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Bob Sutton

I want to thank everyone for making such thoughtful comments. My main conclusion after reading all your comments is that stuggling over the tension is constructive because, to write stuff that has rigor but is actually interesting and useful, isn;t an eay thing to do. And yes it is important to recall that different books appeal to different people. And Claudia, thanks for the vote of confidence about Hard Facts. That book took forever to write, in part because it draws on so much research and we worked so hard to make it actionable, as you put it -- although The No Asshole Rule also does have a lot of advice about actions people and organzations can take, it clearly isn't nearly as deep.

Claudia Kotchka

Bob, If it makes you feel any better, I love your "Hard Facts" book and believe it is well named (enough sizzle). Interestingly, while I find the blog entries on "no assholes" interesting, I'm not as interested in the book. The "Hard Facts" book sounded actionable to me (and it is) while the other more entertaining. So, maybe your marketing is just fine - if you are attracting the audience with the most interest. There are so many management books that I think it takes time for the really good ones to float up and I think "Hard Facts" will be one that stands the test of time.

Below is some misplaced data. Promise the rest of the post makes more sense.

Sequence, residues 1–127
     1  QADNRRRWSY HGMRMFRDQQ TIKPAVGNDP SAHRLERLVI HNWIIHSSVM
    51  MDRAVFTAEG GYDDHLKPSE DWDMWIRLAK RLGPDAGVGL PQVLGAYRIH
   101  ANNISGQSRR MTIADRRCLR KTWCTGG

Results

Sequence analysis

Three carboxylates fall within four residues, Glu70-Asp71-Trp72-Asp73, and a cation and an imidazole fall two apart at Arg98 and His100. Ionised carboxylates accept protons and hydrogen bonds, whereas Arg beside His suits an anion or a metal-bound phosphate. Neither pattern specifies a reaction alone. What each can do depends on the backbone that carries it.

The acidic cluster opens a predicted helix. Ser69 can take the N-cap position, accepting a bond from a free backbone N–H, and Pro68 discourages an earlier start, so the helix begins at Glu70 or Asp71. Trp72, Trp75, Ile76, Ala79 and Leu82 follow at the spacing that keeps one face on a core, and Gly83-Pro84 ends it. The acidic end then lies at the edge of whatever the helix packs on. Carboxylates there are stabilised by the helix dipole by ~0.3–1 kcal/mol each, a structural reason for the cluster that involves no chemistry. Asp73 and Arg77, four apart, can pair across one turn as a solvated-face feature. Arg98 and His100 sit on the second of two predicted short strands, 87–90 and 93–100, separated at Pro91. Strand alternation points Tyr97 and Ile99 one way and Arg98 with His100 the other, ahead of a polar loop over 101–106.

S. Anthony Iannarino

Hi Bob,

Two comments: First, when you write a book, you are surely an author. But if you are interested in people actually picking your book up and reading it, then you are in fact a marketer. I would suggest to you that a title like "People Might Want To Try Being Nice At Work" will sell far fewer books than your aptly chosen and far more provocative title. And, if my gut is right, you hope the book makes a difference, which requires it being purchased and read. (I can’t wait to do both)

That said, the title is perfect!

Now to my second point; I have a hard time understanding your opposition to The War for Talent and Topgrading. Surely you aren't arguing the opposite (hire the least-talented individuals you can find and leave the worst performing people in place or promote them), are you?


How much of the sizzle is from the title alone?

The No A**hole Rule is a much sexier title than Hard Facts.

Joining Dots

Well I thought your Hard Facts book was brilliant. But I like well researched books designed to be usable. i.e. not too lightweight but also not too academic.

But that's different audiences for you. I'm the same with documentaries. Those made for primetime TV are often to fluffy or outlandish, but I have friends and family who love them.

By the way, if you're measuring the effect your blog is having on book sales, I've now got Knowing-Doing on order from Amazon...

Ralph Maurer

This is a fascinating discussion and one, as the first comment suggests, that is omnipresent in publishing related fields. Even novelists have this debate, though it is couched in terms of art vs. commerce.

One perspective I would add is that it isn't really a perfect competition out there. Books with lots of sizzle and easily digestible (but, perhaps, poorly supported) ideas have the tendency to obfuscate the more intellectually valid books. They don't necessarily compete on an equal basis because, by using P.T. Barnum tactics, they take up the available 'space' in front of the audience. Followers of broadway noticed the same thing when overwrought, glitzy, trite musicals came along. These musicals made it harder for the audience to find the 'good stuff.'